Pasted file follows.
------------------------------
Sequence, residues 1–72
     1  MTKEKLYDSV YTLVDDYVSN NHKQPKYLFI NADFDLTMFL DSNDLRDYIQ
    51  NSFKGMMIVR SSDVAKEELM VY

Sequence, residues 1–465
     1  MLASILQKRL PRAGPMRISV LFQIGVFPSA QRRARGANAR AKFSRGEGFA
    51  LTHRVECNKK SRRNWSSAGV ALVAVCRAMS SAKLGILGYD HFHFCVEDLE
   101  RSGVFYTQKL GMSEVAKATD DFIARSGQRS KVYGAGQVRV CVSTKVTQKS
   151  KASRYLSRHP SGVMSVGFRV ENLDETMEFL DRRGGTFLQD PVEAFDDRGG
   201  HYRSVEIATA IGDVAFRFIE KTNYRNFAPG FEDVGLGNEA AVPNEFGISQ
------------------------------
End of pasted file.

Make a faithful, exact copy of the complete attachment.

Sequence, residues 1–72
     1  MTKEKLYDSV YTLVDDYVSN NHKQPKYLFI NADFDLTMFL DSNDLRDYIQ
    51  NSFKGMMIVR SSDVAKEELM VY

Sequence, residues 1–465
     1  MLASILQKRL PRAGPMRISV LFQIGVFPSA QRRARGANAR AKFSRGEGFA
    51  LTHRVECNKK SRRNWSSAGV ALVAVCRAMS SAKLGILGYD HFHFCVEDLE
   101  RSGVFYTQKL GMSEVAKATD DFIARSGQRS KVYGAGQVRV CVSTKVTQKS
   151  KASRYLSRHP SGVMSVGFRV ENLDETMEFL DRRGGTFLQD PVEAFDDRGG
   201  HYRSVEIATA IGDVAFRFIE KTNYRNFAPG FEDVGLGNEA AVPNEFGISQ